Cultural memory, especially for oral cultures, is constantly shifting and evolving. When the hype around ayahuasca spread, it came from people who already believed psychedelics helped make us human and they could easily presume that any psychoactive plant in use currently had always been in use. The same set of books mentioned above had peddled this false notion that ayahuasca use is thousands of years old—also that it would have played into notions about psychoactive substances helping form our humanness.
Ayahuasca here is particularly relevant because it becomes a part of the cultural memory for a lot of societies in the Amazon, though tellingly absent from others. It doesn’t make it less of an issue surrounding cultural appropriation to point out that the use and spread of ayahuasca came largely as a result of civilization, not that it is a vestige of life beyond it.
This was kind of shocking to me in researching the book. There are a number of psychoactive plants being employed in the Amazon prior to Western contact. Ayahuasca does end up showing up on the landscape here, but not until much later.
The earliest accounts of anything similar arise in encomiendas—plantations for enslaved natives in the colonial era. Here, natives from all kinds of societies were captured and thrown in with each other by missionaries, military, and administrators. So you had this mix of cultures—peoples who don’t share languages or customs—that might have resulted in the creation, use and spread of this particular brew. However, there’s no evidence to really support that strongly. Ayahuasca, typically tied with Indigenous peoples in the Amazon, really only seemed to come into the fold more recently.
Nearly all of the ayahuasca ritual that we are going to hear about comes from Mestizo religious views and all in the wake of the rubber boom. You see it more in the rubber bubble cities like Iquitos, but then the mystique of Indigenous origins really nailed the tourists. It became more “exotic” and more attention was put on it as a forest-based product and ritual in and of itself.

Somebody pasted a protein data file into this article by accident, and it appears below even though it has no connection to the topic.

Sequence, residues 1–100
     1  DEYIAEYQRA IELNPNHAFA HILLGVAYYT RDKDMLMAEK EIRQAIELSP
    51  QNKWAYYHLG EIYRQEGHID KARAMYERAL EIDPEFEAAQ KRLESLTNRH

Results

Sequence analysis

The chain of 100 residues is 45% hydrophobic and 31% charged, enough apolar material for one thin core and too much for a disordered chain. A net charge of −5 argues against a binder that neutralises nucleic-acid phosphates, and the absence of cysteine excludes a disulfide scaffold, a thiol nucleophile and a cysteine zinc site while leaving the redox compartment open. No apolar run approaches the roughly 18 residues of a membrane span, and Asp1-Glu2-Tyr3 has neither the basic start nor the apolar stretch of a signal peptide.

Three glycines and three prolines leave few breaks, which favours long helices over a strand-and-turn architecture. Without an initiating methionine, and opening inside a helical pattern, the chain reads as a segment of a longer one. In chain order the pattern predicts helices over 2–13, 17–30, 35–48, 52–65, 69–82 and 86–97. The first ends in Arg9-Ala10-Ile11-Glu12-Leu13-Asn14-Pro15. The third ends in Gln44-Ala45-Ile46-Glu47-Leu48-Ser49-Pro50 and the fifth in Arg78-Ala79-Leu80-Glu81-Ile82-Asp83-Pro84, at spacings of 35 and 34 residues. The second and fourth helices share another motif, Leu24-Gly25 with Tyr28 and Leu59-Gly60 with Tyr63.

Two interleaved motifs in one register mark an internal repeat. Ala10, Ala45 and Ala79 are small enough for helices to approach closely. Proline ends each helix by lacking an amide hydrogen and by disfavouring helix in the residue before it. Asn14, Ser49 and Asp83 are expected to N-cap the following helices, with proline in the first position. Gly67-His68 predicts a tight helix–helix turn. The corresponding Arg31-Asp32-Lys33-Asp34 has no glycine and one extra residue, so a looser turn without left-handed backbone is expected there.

So the ayahuasca rituals and ideas that most tourists and enthusiasts come in with is one that has less to do with long standing cultural traditions and more to do with the way that cultural memories must incorporate and adapt to modernized society. That doesn’t make it less of a part of the culture, but shows how those memories evolve in light of colonialism.
And in this case, that’s where all of this ties back together: ayahuasca arrives on the scene, in part, to help heal the traumas of colonialism and extraction. It is a cultural response and evolving cultural memory. But the problem is that when it becomes exalted as this separate sacred ritual, it’s easy for Westerners to think that ayahuasca carries some kind of innate truth, one that can exist outside of any cultural context and history.
We then do what we’ve always done: we destroy the forests to try and create some kind of center or retreat for it. We try to embody an imposed sense of oneness and act like these cultures have answers to questions we just haven’t accessed yet. As though each society has access to some innate truth and that this or that plant must be the entryway into that exaltation.
There is that paternalism again. We act like these societies have it all figured out, so we can just borrow their more recently arisen support structure and own that too. You have to be so far removed from even the concept of history to think the world is really this simple or that you can make changes without accommodating for transitions.
It just shows how aloof we are to what colonialism looks like on the ground: a cultural embraces a coping mechanism and then we look at them like they can and should personally save us with this forest magic. It’s ridiculous. But worse than that, it’s just as extractionist as any other resource torn from the Amazon.
Why is it so critical to focus on the history of settler colonialism when discussing the rise of the far-right?
The entirety of the far-right is built upon the Manifest Destiny that drove settler colonialism in the first place.
We can’t act like this is something new or we risk misunderstanding it entirely. That’s the problem with history and it’s something that the revisionists that run rampant in the right particularly love: focus on the warfare aspects and battlefront nostalgia and you can pretend like there was a fair and just war at the heart of colonialism.